Trayvon Martin’s Father Has Sympathetic Advice for Michael Brown’s Family

Appearing on MSNBC’s Weekends With Alex Witt, Tracy Martin told the host that his heart goes out to the Brown family. He also said that as he watched the media tell the story of his own son, he often wondered, “ ... is my son on trial or is his killer on trial?” 

Posted:
 
screen_shot_20140818_at_1.18.14_pm
Tracy Martin, the father of Trayvon Martin, spoke on MSNBC’s Weekends With Alex Witt on Aug. 17, 2014, and told the host that the parents of Michael Brown have to stand up for their son and not let anyone assassinate his character. 

Weekends With Alex Witt screenshot

Trayvon Martin's father, Tracy Martin, knows a bit about what Michael Brown's family is feeling. Brown was unarmed on Aug. 9 when he was fatally shot by a police officer in his hometown of Ferguson, Mo. 

During an appearance Sunday on MSNBC's Weekends With Alex Witt, Tracy Martin pointed out the similarities between the character assassination of his son, who was also unarmed when he was shot and killed by then-neighborhood watchman George Zimmerman in 2012, and that of Michael Brown.

Martin noted that when he heard about the events after his son's death, he was left to wonder who, in fact, was being prosecuted. "At the end of the day, you ask yourself as a parent, in my case, in our case, I sat back and said, 'Is my son on trial or is his killer on trial?' " Martin told Witt.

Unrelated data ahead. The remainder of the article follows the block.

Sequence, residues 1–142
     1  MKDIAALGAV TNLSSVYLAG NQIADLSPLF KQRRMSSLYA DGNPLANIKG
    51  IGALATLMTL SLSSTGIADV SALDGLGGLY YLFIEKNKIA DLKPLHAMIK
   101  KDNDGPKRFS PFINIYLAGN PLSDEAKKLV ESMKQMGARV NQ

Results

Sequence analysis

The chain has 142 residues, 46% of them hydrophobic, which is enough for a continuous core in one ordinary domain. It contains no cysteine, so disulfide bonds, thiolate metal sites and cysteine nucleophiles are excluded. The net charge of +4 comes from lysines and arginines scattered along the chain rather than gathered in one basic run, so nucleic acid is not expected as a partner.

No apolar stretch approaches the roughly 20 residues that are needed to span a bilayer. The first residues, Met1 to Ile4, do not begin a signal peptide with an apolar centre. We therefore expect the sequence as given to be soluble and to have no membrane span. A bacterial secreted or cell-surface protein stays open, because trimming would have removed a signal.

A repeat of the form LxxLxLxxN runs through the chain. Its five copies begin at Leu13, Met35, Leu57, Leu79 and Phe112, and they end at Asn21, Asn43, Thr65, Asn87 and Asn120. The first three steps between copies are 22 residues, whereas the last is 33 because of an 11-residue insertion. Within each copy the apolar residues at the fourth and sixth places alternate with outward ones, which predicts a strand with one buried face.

"Don't let anyone assassinate your son's character," Martin offered to the parents of Brown. "They have to stand up for their son ... we're with them 110 percent. Protests are going, protests are needed, but peaceful protests."

Martin also noted that the opportunity in this tragedy is a chance to have an open and honest discussion about race and the value of black lives. "First, you have to understand that we as an African-American community—we have to break the stigma," Martin told Witt. "We have to come together as human beings and say that African-American lives matter just as much as any other ethnicity [group's] life matters.

"In America we have a real issue with discussing race," Martin continued. "No one wants to discuss those issues. We understand that racism is alive and well, and we just have to be able to sit down at the dinner table at the end of the day and discuss these issues."

Read more at MSNBC.com.

Comments
The Root encourages respectful debate and dialogue in our commenting community. To improve the commenting experience for all our readers we will be experimenting with some new formats over the next few weeks. During this transition period the comments section will be unavailable to users.

We apologize for any inconvenience and appreciate your continued support of The Root.

While we are experimenting, please feel free to leave feedback below about your past experiences commenting at The Root.